Week Fourteen: The Ford Ranger

What vehicle is just as perfect for your sixteen-year-old irresponsible son as it is for your eighty-six year-old, stubborn workhorse of a father? One does exist—whoda thunk it. The Ford Ranger is a practical first and last truck. At both of those ages, concentration abilities are limited and distractions run rampant. The Ranger is as maneuverable as the Tonka truck your sixteen year old secretly wishes he could still play with. Turning into a tight parking spot ain’t no thing. With only one other passenger seat (unless you count the six inches that technically makes up the middle seat), a teenager isn’t going to be able to cart lots of friends around: that’s a plus for a worried parent. Watch out for teens in the bed of the truck, though, because at only about waist height it is easily accessible and very tempting to ride in.

The Yappy Little Brother

Throughout the week, Justin and I referred to the Ranger as the other trucks in the Ford family’s yappy little brother. Step on the gas and the little engine tries its hardest to give you all its got. But the acceleration sounds and feels like a little go-cart trying to prove itself to its owner, which makes it all the more adorable.

This isn’t a luxury truck though. Aside from a killer air conditioning system, the truck isn’t built for comfort, but it gets the job done. With absolutely no extra cab space, this is meant for that teenager or elderly man doing everyday things—throwing a gym bag or toolbox in the bed.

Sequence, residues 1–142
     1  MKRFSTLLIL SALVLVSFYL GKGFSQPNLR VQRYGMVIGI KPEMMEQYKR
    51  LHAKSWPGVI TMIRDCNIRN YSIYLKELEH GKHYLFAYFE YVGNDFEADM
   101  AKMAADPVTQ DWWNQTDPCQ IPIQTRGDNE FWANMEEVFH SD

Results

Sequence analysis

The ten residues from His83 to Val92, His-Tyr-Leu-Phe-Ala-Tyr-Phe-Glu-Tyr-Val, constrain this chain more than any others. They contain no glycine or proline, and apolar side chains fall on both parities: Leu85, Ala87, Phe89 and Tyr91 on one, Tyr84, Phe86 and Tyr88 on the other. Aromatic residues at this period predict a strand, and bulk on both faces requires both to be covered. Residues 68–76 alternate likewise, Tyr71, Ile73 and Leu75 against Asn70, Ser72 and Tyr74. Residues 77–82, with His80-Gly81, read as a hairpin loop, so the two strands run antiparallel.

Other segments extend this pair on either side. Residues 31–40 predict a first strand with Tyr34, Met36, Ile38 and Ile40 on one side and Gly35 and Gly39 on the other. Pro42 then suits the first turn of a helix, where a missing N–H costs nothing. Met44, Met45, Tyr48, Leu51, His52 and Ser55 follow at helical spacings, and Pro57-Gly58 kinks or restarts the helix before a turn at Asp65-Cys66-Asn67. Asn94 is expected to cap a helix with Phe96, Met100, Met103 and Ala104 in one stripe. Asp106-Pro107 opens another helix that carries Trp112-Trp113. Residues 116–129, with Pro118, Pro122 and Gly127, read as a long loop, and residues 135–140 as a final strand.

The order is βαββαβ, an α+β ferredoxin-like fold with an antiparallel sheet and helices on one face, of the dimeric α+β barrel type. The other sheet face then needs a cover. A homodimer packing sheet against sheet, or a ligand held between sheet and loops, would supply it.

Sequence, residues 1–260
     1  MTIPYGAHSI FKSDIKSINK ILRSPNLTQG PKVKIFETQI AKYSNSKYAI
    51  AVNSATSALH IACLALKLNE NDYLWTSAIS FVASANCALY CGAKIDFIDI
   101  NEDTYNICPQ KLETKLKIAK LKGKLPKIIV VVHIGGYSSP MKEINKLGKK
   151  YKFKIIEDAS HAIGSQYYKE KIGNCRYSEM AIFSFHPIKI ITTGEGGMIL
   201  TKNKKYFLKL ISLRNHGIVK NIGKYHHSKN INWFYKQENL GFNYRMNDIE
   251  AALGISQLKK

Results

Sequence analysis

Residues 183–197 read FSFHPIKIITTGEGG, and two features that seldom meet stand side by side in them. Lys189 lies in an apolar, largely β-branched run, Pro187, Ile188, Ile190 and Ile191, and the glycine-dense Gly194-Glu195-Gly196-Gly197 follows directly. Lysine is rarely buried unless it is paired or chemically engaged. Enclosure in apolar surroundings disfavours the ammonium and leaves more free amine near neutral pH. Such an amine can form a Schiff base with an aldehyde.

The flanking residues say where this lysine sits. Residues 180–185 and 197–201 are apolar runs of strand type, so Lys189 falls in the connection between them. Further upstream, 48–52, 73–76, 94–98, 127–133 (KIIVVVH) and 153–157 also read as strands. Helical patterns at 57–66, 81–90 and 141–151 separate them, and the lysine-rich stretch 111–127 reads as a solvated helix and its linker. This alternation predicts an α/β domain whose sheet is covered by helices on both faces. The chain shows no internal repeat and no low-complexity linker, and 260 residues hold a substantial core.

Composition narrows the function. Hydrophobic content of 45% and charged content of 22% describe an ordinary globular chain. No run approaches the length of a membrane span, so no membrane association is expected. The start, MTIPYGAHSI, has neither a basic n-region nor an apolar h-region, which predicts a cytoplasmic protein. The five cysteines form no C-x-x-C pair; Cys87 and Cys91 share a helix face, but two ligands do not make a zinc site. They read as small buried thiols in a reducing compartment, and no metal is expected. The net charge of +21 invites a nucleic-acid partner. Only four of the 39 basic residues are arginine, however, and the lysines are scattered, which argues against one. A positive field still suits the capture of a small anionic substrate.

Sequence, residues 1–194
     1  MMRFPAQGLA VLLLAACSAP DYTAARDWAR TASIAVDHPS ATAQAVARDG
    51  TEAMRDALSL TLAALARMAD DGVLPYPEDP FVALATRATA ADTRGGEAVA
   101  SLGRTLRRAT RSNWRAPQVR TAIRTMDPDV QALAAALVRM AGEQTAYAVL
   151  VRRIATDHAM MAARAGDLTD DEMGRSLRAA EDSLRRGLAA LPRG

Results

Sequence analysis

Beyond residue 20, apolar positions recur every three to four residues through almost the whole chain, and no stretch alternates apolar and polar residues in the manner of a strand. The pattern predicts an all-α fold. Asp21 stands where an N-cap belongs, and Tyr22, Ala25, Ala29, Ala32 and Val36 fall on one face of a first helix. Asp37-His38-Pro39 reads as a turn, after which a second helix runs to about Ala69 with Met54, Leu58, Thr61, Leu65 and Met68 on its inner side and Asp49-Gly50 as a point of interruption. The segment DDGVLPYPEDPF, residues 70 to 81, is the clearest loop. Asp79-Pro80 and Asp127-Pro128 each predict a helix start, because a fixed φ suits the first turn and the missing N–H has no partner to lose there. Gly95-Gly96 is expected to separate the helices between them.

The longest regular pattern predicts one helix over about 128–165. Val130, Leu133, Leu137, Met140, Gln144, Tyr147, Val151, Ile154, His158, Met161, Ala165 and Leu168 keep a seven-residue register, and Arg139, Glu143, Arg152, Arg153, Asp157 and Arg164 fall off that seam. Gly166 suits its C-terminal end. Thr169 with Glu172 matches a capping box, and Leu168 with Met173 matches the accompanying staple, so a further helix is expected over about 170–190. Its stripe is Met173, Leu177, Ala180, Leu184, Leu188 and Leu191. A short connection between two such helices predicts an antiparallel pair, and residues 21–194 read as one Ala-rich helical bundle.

But there’s nothing wrong with the yappy little brother. You always know what to expect, and he is consistently trying to keep up with you. Justin advises not to honk the “wussy horn,” you might offend the little Ranger who, deep down, thinks he’s as big and bad as the Super Duty. But he makes up for his shortcomings with fabulous gas mileage.

The Ole’ Man Seal of Approval

Transporting some stuff to a friend’s garage sale, the grandpa (the tried and true opinion-giver of all the trucks we’ve driven), hopped in for a little ride. Five minutes later, he was ready to buy the truck…until he figured out it wasn’t four wheel drive. After a quick phone call to salesman Dick Watson, we found out that for $3,000 more, he could have one with four-wheel drive. He loved the size—at around five foot six one a good day, he was just the right height for loading the bed. He loved that only he and his wife could fit in the cab, because that’s the only people he ever drives around anyway, so why have extra unneeded seats?

While my grandpa gave the Ranger the Ole’ Man Seal of Approval, he presented a good question that many men could relate to—why buy the baby truck? Every man wants the biggest truck. But in his situation, and definitely for a teenager or college kid, the truck is the perfect size for light work, toodling around town, and still has a fully functional hitch and can pull some weight.

But, as I’ve learned about aging, it’s hard for him to imagine what’s not right in front of him. Virtual reality doesn’t mean it exists—ordering a different style online doesn’t make a lot of sense. What you see is what you get. So when the Ranger didn’t have four-wheel drive, it was immediately not the right fit—even though other Rangers have four-wheel drive. The “wow” factor was gone and just wasn’t coming back no matter how many times I explained that you could get it.

Ya just wanna shake it

The cutesy factor was definitely there in the truck. While sometimes in larger trucks you feel like you are hauling around a semi’s rear end, this was lighter and more manageable. Throughout the week I kept saying “I just wanna pick it up and shake it like a Tonka truck!” To compare, I feel the same away about punch buggies and little dogs. But don’t get me wrong, this is still a manly truck. Nothing beats a truck’s personality, even if it is the yappy little brother version.